RE:Seasons coming, whats up?
I believe there is a lot more good news in the area of wild and native brookies buried in the snarly spring waters of the region. In fact, I saw a very small brookie finning around in a tiny feeder creek in a marsh in Groton. I recall finding streams along backwoods fire roads up in New Hampshire that were loaded with native brookies - how do we know? The warden told us as he checked our licenses. It was clear he had a personal attachment to these fish.
Along the Swift, Saco and Sugar Rivers in NH you can find the tiniest fry along the shoreline pockets - barely an inch long but brightly marked with parr marks and the characteristic leading edge fin highlights of brookies.
Out west you could find loads of salmon, cuttthroat and steelhead streamborn fry along the shore gravel. Seeing these tiny fry always gave me a profound feeling of relief that the priceless treasure of native species still survives in spite of it all.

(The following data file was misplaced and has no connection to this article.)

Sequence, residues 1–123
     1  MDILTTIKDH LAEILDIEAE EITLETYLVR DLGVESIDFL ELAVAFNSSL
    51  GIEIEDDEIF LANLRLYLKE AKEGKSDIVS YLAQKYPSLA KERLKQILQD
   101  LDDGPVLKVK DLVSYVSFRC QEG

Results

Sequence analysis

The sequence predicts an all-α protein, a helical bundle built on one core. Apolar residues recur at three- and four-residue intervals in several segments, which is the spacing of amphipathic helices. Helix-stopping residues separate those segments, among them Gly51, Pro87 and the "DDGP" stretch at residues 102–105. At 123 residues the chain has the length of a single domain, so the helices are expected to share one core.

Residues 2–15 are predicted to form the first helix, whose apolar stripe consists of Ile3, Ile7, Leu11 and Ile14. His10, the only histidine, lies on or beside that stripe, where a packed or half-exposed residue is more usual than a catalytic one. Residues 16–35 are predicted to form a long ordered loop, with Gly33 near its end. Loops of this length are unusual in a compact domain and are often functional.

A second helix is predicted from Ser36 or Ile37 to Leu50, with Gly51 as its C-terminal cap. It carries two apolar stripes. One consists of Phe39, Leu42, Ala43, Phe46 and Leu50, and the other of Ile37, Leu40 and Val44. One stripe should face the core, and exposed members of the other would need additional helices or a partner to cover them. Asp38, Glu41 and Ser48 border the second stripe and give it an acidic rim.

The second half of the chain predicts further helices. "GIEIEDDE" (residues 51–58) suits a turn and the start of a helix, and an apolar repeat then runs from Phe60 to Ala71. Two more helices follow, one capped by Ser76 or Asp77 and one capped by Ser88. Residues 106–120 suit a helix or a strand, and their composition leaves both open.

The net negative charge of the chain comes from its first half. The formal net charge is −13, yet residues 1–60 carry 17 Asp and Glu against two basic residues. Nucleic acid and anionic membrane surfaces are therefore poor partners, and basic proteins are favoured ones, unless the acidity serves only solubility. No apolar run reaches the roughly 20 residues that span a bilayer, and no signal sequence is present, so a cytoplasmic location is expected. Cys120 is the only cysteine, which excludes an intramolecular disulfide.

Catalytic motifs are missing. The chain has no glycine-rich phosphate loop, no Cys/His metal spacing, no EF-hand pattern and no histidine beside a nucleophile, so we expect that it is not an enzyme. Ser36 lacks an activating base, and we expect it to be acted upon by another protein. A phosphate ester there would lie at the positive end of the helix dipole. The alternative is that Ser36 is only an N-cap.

I'd like to see the Merrimac brought back to a salmon river. Of course the strain is extinct due to dams, but here is a case where I would be in favor of stocking via VB boxes or fry. Pete MacNeil - what are the chances?
I know John Greenwood up in NH Anadromous and will be talking to him about a article about the legacy of our very own Merrimac. You'd be amazed at the grand salmon river we killed right here in our backyard. His slides and stories are told with the same concern as the warden on the Kancamagus fire road.